5 It s important to begin with a shared understanding of what Response to Intervention, or RTI, means. To many educators, RTI is an instructional framework that targets at-risk students. The National Association of State Directors of Special Education defines RTI as a framework that prevents learning difficulties by providing high quality instruction and intervention matched to student needs, and using learning rate over time and level of performance to make important educational decisions. As an instructional framework, RTI uses student assessment data to inform instruction and intervention. Screening and benchmark measures identify students with gaps in learning. These at-risk students immediately receive intervention instruction that is designed to close their gaps. Student response to the intervention is measured with frequent progress monitoring. Educators use the progress monitoring data to determine whether the intervention is working, and to make necessary adjustments to increase its effectiveness. Intervention is provided at levels or tiers of increasing intensity matched to student needs. Other terms associated with RTI include 3-Tier Model, multi-tiered intervention model, and Instructional Decision-making Model, or IDM.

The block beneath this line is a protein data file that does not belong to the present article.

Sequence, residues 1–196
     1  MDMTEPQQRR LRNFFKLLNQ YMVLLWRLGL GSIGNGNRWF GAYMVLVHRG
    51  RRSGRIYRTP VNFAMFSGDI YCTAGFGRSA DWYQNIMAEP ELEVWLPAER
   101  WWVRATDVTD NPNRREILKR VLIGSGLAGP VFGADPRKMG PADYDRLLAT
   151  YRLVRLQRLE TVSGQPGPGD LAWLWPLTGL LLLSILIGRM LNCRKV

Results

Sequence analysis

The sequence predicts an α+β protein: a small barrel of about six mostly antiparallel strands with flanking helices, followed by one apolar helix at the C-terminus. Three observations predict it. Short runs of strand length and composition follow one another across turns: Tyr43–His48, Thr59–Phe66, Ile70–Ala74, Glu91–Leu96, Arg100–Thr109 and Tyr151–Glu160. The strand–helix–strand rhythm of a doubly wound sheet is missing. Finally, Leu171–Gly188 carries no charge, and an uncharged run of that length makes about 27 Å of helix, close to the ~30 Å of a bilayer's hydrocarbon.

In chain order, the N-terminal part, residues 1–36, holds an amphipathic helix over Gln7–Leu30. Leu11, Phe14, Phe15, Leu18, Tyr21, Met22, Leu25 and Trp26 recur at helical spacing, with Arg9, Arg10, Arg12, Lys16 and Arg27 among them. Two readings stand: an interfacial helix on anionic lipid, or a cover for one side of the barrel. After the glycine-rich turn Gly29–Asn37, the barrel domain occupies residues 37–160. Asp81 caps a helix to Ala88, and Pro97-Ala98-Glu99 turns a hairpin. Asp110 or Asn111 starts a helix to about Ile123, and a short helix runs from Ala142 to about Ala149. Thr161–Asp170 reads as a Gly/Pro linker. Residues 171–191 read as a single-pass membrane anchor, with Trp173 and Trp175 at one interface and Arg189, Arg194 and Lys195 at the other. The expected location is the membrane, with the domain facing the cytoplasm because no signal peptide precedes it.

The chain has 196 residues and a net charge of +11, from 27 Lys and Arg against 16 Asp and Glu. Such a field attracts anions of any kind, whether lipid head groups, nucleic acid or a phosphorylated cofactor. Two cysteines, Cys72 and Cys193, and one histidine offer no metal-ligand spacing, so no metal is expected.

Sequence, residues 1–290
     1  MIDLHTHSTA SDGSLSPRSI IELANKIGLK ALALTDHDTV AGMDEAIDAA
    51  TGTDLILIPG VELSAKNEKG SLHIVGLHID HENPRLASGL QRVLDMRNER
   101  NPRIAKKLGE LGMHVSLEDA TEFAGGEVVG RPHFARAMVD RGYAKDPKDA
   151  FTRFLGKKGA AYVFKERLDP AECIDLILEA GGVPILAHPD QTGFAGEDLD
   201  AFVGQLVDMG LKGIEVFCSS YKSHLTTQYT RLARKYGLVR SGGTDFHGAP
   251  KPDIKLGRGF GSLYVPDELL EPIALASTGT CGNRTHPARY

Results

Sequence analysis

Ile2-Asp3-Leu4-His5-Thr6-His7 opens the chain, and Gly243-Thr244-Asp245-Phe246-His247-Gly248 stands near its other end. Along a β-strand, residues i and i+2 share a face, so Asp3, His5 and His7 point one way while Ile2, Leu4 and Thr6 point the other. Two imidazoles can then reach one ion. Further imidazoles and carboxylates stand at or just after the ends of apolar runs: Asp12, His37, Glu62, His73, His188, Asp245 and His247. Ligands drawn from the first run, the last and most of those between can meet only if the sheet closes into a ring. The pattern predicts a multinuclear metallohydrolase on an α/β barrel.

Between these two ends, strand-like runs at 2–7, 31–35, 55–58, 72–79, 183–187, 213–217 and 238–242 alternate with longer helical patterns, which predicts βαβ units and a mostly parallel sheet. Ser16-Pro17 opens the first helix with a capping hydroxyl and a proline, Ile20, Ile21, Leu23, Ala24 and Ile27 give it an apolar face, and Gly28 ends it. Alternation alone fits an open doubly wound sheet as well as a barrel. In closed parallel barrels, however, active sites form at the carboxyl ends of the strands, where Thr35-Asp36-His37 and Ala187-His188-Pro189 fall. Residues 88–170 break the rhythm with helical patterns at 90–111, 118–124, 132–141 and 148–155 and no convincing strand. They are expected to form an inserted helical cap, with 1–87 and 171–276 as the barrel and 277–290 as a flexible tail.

6 Now that we ve discussed RTI as an instructional framework that prevents learning difficulties, let s focus on using RTI in the identification of students with specific learning disabilities, or SLDs. In IDEA 2004, RTI is used in the context of the determination of the presence of a specific learning disability. IDEA states that the group of qualified individuals and the parent must consider as part of the evaluation (1) Data that demonstrate that prior to, or as part of, the referral process, the child was provided appropriate instruction in regular education settings, delivered by qualified personnel: and (2) Data-based documentation of repeated assessments of achievement at reasonable intervals, reflecting formal assessment of student progress during instruction, which was provided to the child s parents. Does this sound familiar? Appropriate instruction documentation of repeated assessments reasonable intervals student progress: All of this data is required for eligibility determination, regardless of the model used for identifying SLD. And again, these concepts are all addressed within an RTI framework.